Disclosures: McGarry reports no relevant financial disclosures. Please see the study for all other authors’ relevant financial disclosures.
February 16, 2021
2 min read

Underrepresented groups with cystic fibrosis less likely to be eligible for CFTR modulators

Disclosures: McGarry reports no relevant financial disclosures. Please see the study for all other authors’ relevant financial disclosures.
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Patients from minority racial and ethnic groups with cystic fibrosis are less likely to be eligible for cystic fibrosis transmembrane conductance regulator modulators, according to findings published in Pediatric Pulmonology.

“In this cross-sectional study, we found that patients of a minority group with [cystic fibrosis] were less likely to have CFTR genotypes eligible for disease-altering CFTR modulator therapies compared to non-Hispanic white patients. The lowest percentages in patients with CFTR genotypes eligible for any CFTR modulator were seen in Black, Hispanic and other race patients. Only two-thirds of Black and Asian patients and three-quarters of Hispanic patients had CFTR genotypes eligible for a CFTR modulatory therapy compared to over 90% of non-Hispanic white patients,” Meghan E. McGarry, MD, assistant professor in the department of pediatrics at the University of California, San Francisco, and colleagues wrote. “This pattern was true for all CFTR modulator therapies.”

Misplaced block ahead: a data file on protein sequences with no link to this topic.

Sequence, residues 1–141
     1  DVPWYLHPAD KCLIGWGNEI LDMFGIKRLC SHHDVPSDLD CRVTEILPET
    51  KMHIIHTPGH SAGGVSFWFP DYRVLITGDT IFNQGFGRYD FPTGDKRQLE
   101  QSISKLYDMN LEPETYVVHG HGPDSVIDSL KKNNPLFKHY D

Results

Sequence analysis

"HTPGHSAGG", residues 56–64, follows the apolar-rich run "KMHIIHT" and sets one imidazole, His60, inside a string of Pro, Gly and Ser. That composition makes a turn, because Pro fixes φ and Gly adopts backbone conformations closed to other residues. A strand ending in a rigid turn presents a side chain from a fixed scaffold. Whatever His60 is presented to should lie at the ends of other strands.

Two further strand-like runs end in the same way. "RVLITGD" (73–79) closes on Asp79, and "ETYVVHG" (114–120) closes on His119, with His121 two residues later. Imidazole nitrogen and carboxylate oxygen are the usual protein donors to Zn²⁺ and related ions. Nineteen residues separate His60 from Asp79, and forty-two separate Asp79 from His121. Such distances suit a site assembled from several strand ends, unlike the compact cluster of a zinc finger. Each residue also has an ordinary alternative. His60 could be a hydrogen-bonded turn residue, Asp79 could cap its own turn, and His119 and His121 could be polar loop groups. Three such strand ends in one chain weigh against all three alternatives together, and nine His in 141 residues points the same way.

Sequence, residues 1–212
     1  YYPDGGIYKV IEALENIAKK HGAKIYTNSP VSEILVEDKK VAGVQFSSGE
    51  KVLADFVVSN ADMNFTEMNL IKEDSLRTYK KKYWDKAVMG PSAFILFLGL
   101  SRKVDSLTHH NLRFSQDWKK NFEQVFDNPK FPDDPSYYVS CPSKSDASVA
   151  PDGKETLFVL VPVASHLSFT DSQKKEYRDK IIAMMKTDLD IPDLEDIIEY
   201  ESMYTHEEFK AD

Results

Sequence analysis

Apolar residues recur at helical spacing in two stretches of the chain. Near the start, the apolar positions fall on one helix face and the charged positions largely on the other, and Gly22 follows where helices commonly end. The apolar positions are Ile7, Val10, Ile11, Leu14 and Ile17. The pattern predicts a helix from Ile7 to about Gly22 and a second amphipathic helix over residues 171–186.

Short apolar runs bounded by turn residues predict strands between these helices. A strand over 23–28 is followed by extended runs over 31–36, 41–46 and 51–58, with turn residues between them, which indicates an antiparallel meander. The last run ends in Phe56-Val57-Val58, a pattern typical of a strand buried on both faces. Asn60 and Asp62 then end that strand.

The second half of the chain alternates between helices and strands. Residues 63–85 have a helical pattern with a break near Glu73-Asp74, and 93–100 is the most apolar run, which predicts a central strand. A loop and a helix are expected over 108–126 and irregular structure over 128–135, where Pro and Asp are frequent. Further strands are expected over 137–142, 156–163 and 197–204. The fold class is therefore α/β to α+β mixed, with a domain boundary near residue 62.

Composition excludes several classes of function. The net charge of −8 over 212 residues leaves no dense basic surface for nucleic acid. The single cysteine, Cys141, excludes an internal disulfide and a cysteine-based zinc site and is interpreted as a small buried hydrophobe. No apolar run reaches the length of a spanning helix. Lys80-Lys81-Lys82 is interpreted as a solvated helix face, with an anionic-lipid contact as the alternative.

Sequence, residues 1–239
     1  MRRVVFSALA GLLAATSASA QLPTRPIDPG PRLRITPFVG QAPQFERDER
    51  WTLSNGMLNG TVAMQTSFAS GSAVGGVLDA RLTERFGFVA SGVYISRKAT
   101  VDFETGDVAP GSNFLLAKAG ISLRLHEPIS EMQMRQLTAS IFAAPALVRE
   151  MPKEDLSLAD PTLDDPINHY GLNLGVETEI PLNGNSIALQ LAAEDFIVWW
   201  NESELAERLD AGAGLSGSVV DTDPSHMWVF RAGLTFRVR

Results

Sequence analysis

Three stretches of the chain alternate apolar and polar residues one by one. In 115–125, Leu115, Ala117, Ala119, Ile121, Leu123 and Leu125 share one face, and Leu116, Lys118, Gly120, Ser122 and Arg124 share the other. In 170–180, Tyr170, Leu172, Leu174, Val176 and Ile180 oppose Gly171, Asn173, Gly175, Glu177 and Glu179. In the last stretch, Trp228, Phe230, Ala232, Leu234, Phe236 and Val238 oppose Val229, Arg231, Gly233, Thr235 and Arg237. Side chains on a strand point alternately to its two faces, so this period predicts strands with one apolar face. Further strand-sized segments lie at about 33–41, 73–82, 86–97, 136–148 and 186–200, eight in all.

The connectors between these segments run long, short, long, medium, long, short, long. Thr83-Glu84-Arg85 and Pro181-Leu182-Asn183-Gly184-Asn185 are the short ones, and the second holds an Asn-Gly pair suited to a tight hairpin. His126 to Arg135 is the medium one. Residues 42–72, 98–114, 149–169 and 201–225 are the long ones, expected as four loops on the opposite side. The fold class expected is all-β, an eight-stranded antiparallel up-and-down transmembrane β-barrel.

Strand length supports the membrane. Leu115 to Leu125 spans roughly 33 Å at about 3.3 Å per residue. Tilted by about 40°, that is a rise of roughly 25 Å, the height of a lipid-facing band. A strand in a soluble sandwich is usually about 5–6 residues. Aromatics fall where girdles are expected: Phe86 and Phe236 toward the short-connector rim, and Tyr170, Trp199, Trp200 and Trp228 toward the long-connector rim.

Percentage of Black/African American patients eligable for CTFR modulators.

The study included all patients from the 2018 CF Foundation Patient Registry, which includes 81% to 84% of U.S. patients with cystic fibrosis. Of those, 25,918 (84.2%) were non-Hispanic white, 1,351 (4.4%) were Black/African American, 2,763 (9%) were Hispanic and 743 (2.4%) were other races. Researchers analyzed the percentage of patients in each racial and ethnic group eligible for CFTR modulators based on approved FDA CFTR mutations followed by an analysis based on mutations and FDA approval by age.

Researchers identified 92.4% of non-Hispanic white patients, 69.7% of Black/African American patients, 75.6% of Hispanic patients and 80.5% of other race patients eligible for CFTR modulators based on CFTR mutations alone.

For ivacaftor (Kalydeco, Vertex Pharmaceuticals), only 11.4% of Black/African American patients were eligible compared with other races and ethnicities (P < .001). Researchers observed lower percentages of Black/African American patients, Hispanic patients and other race patients eligible for lumacaftor/ivacaftor therapy (Orkambi, Vertex; 19.2%, 24% and 31.6%, respectively), tezacaftor/ivacaftor therapy (Symdeko, Vertex; 21.5%, 29.8% and 35.9%, respectively) and elexacaftor/tezacaftor/ivacaftor therapy (Trikafta, Vertex; 62.5%, 67.3% and 71.9%, respectively) compared with non-Hispanic white patients (47.9%, 53.9% and 88%; P < .001 for all), according to the results.

Lowest pulmonary function measured by FEV1 was observed among non-Hispanic white patients (75.6%), Black/African American patients (77.6%) and Hispanic patients (78.8%) not eligible for CFTR modulators.

With the addition of current FDA approval by age, there was no difference between racial and ethnic group disparity, according to the results.

“These findings are alarming as patients of a minority group already suffer a greater burden from cystic fibrosis compared to non-Hispanic white patients,” the researchers wrote. “If a higher percentage of non-Hispanic white patients are on CFTR modulator therapy than patients of a minority group, the disparity will widen. These patients are in high need of the therapeutic benefits to pulmonary function that high-efficacy modulators provide.”